The Toy Stories animation session run by B-Arts was a big hit too. The girls took their favourite toys in to be filmed with stop frame animation and Sleepy Bear took Barbie for a ride on a flying carpet (Phoebe's comfort blanket). Then we watched the film premiere before coming home on Sunday night. It was inspired and hilarious.

Finally we loved "Fly Away Katie" by Long Nose Theatre Company so much we bought the CD and I'm not yet sick of it despite having it on quite a few times today. Perfectly beautiful puppets, story and music.

But the best bit? The kids loved every minute of it all. So many new experiences and the opportunity to build sandcastles and hide behind trees. Genius.

Tuesday, 16 August 2011


I went to the cinema last night with my mum, which is a very unusual occurrence. Grandad had the opportunity to encourage the girls to go to sleep and we were going to a girly film with a good review. It should have been a good night. Hmm.

Maybe I've become a prude. Ok watching fairly explicit (albeit supposedly funny) sexual opening scenes sitting next to your mum is never going to be entirely comfortable but I guess we got through that bit relatively unscathed.

Then it moved into some rather lovely amusing best friend relationship stuff and I thought we were home free.

After that it became the sort of comedy that makes me uncomfortable. I genuinely began squirming in my seat as the lead character embarrassed herself in front of a large number of guests. I have never really been able to enjoy awkward comedy.

Just when I thought it was only going to be a bit crap the (I realise now) inevitable excrement and vomiting scene happened. Based on the audience's reaction we must have been in the minority but I genuinely have never considered those two things to be amusing. Mum suggested that motherhood might have made it worse. Then we agreed that no, it wasn't funny before I had kids either.

The film essentially follows the planning of an extremely over the top and expensive wedding, and the somewhat tragic private life of the maid of honour. My friends will know that I have always said the best films have two things in them: transformation and dance. This should have been an ideal candidate then since it had lots of both. But it also had a food poisoning vomiting scene. Transformation, dance and vomit shall henceforth be the categorisation of a bad film.

The actresses Kristen Wiig and Maya Rudolph were pretty good. Most of the other characters were pretty hateful, but then American film makers rarely see humour in nice people.

The only real saving grace of this film for me was Chris O'Dowd who played the love interest for Kristen Wiig. I wasn't expecting him to be in it so his appearance was a relief frankly, and by the end my heart leapt a little whenever he appeared on the screen.

There were a few laugh out loud moments for me and my mum so it must have been funny it parts. But to be honest they were mostly from Chris O'Dowd's character.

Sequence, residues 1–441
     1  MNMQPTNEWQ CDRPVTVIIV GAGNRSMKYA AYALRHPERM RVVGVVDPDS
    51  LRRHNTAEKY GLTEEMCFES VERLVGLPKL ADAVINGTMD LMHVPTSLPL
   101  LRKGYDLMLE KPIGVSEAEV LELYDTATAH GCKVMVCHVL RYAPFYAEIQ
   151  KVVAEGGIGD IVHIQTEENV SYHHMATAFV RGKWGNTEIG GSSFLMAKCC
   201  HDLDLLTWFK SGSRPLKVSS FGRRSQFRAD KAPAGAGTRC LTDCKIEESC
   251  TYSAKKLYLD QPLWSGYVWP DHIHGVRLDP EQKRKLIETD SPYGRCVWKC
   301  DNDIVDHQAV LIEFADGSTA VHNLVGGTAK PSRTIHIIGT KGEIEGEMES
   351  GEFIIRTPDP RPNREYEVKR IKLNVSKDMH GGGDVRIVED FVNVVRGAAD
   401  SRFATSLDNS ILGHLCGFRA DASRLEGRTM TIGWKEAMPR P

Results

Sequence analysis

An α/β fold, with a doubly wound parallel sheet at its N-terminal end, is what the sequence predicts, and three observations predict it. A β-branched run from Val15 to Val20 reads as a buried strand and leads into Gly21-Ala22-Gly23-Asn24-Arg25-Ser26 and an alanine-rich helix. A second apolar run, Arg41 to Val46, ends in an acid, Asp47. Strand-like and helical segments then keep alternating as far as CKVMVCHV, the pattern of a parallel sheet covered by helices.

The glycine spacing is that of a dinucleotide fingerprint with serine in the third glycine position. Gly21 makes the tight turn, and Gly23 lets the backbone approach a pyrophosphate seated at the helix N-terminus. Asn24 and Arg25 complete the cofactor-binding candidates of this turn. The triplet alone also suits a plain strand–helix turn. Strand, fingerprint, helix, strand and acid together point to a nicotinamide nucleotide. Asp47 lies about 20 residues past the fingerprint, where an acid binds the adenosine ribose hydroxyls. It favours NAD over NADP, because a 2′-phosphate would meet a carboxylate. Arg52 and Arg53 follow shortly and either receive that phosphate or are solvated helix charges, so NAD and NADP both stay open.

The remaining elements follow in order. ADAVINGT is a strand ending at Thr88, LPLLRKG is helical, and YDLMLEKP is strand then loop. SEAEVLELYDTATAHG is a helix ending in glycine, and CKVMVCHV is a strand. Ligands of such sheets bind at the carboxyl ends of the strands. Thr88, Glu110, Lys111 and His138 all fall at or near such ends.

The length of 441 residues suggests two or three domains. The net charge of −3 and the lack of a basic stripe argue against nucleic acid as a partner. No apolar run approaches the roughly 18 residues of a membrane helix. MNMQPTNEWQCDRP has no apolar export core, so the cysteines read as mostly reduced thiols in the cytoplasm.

There were also some more cringeworthy comedy moments including a breakdown chocolate fondue flinging moment and then it finished off as it had begun with a very different, but just as awkward, sex scene. It had the added extra of being revolting.

The audience seemed to to find it funny. And they all went "aaaaah" in unison when andrex puppies were shown wearing bow ties. Obviously the film makers knew what they were doing then. We were just in the wrong place at the wrong time.

Nice to go out with mum though. Next time we'll read the reviews more closely before we go...

Saturday, 13 August 2011


I thought I heard an ominous buzzing in our roof space before we went away on holiday and had half convinced myself that we would come home to an infestation. In fact by the time we came home there was no buzzing. Obviously that particular wasp didn't think we had the right sort of conditions to set up home.

Then on Wednesday a daughter of my friend was stung in our garden and I noticed a wasp nest under our neighbour's guttering. There is a serious amount of wasp activity.

The following morning Paul woke up with a wasp in his ear at 5am. Frankly it was rather disconcerting for him.

So I went round to tell the neighbours about the nest, but I doubt they will deal with it. They are in an upstairs flat and since they hadn't noticed and have no garden it's not a big concern for them. Plus it's a very dull thing to spend your money on.

What to do then? Oh yes the Internet. Paul looked and discovered two things about wasps:

1. Wasps are a bit slow. If you hang a blown up paper bag somewhere they will be fooled into thinking it's another wasp nest temporarily and leave that area alone. I was at a show today situated next to a cupcake stall so was preparing myself for a wasp onslaught. Then I remembered about the bag. I figured it wouldn't hurt to try out the theory, at the very least it would stop Paul going on about it. Bizarrely it seemed to work almost instantly. From loads of wasps, to one or two. After about three hours they came back. Paul said we should have moved the bag at this point as they might be slow but they aren't stupid and work out pretty quickly it's a fake. Who knew?

2. The only predators you can introduce to deter wasps are...badgers. So a few problems there then. Paul's first concern was how to to get the badger into the attic in case the wasps did decide to move in here. Then he was concerned about how to get it to leave since badgers have no known predators. Based on a previous run in with a badger in our back garden there is no chance Paul would be chasing it down the stairs.